This week Waterloo Region is being inspired through the shared experience of film thanks to an organization called the Grand River Film Festival (GRFF). In an effort to immerse myself in the community of which I’m now a part, I joined the Board of Directors of GRFF back in April as their Chair of Fundraising. Now, about eight months in, I am really energized by this great organization, especially now that I can see the Board’s and other volunteers’ hard work coming to fruition.
I don’t have to tell any regular readers that I’m passionate about fundraising, and the work I’ve done so far for GRFF is no exception, but it’s different! My first lesson fundraising for GRFF was learning the difference between sponsorship and philanthropy. These are by no means universal definitions, but here’s a bit of what I’ve learned:
- WHO: companies vs. individuals. I’m rarely requesting the support of individuals for GRFF, mostly companies, whereas in educational fundraising my focus is almost exclusively on individuals.
- WHAT: tangible rewards vs. warm fuzzy feelings. Philanthropy certainly has its benefits, but more often than not it’s about someone putting their money where their passions are. Sponsorship seems different to me; it involves logo recognition, complimentary tickets, opportunities to speak at the film screenings, etc.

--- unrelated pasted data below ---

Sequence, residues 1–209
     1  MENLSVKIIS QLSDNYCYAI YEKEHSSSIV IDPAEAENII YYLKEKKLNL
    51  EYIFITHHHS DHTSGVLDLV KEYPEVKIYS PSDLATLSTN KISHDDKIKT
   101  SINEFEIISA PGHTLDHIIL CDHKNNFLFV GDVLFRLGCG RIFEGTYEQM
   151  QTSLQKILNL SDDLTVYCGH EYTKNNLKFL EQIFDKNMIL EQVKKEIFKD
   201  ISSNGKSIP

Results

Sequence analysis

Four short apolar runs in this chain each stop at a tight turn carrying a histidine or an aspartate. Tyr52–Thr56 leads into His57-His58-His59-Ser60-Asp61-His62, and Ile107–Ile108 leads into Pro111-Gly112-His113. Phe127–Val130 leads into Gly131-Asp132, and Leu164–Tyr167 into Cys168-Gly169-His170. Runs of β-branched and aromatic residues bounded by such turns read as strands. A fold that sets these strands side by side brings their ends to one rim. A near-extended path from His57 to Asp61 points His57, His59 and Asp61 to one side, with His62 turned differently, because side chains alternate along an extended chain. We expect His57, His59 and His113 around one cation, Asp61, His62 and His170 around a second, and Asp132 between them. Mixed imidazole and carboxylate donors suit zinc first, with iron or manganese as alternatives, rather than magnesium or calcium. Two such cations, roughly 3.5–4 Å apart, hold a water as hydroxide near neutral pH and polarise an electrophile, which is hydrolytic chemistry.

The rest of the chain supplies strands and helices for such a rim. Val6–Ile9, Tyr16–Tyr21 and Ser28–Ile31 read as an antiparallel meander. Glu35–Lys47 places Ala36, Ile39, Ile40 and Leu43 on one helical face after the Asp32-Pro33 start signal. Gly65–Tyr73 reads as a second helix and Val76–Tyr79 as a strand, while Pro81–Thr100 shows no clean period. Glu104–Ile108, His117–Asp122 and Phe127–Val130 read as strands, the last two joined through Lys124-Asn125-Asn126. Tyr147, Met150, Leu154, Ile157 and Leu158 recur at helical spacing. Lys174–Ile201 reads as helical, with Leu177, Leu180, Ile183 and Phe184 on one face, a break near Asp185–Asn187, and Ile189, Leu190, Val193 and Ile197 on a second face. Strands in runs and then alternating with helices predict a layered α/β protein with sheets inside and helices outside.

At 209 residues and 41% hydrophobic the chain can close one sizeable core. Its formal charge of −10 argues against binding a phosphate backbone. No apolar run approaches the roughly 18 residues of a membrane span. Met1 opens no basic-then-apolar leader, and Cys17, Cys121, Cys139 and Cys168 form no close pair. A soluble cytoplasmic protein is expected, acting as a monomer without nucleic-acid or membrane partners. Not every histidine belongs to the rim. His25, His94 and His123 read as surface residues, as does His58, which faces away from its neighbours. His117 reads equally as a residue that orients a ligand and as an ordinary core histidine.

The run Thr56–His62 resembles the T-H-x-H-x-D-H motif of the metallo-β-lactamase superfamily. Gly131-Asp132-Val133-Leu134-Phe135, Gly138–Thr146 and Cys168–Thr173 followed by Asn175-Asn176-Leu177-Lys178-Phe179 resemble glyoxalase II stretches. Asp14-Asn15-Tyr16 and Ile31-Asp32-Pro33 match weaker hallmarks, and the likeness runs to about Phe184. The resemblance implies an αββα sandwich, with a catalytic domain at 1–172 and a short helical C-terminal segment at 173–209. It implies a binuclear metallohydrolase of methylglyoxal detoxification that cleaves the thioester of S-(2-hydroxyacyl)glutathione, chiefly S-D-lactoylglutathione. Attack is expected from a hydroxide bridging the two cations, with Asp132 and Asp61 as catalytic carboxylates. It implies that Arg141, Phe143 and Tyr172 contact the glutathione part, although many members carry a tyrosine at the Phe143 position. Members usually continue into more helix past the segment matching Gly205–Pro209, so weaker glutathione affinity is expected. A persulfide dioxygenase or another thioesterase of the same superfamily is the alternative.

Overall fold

- WHEN: budget-time vs. any time. With sponsors, their budgeting process determines their ability to support you. Although I know a lot of donors who are strict and strategic with their charitable giving, on the whole individuals tend to be more flexible with when and where their money goes.
- WHY: benefits vs. passion for organization. Corporate sponsors are more motivated by the benefits to them, whereas with individual donors it’s usually their passion for the organization that gives them the incentive to give.
- HOW: what they’ll gain vs. what the organization will. People don’t part with their money easily, so outlining the benefits to them can occasionally make for an easier pitch. This is where the sponsorship process is easier than philanthropic fundraising; it can be more straightforward to meet their needs than to express our own.
Written by Maeve Strathy
Maeve is the Founder of What Gives Philanthropy and has been working in educational fundraising for the past seven years. Click here to learn more about Maeve.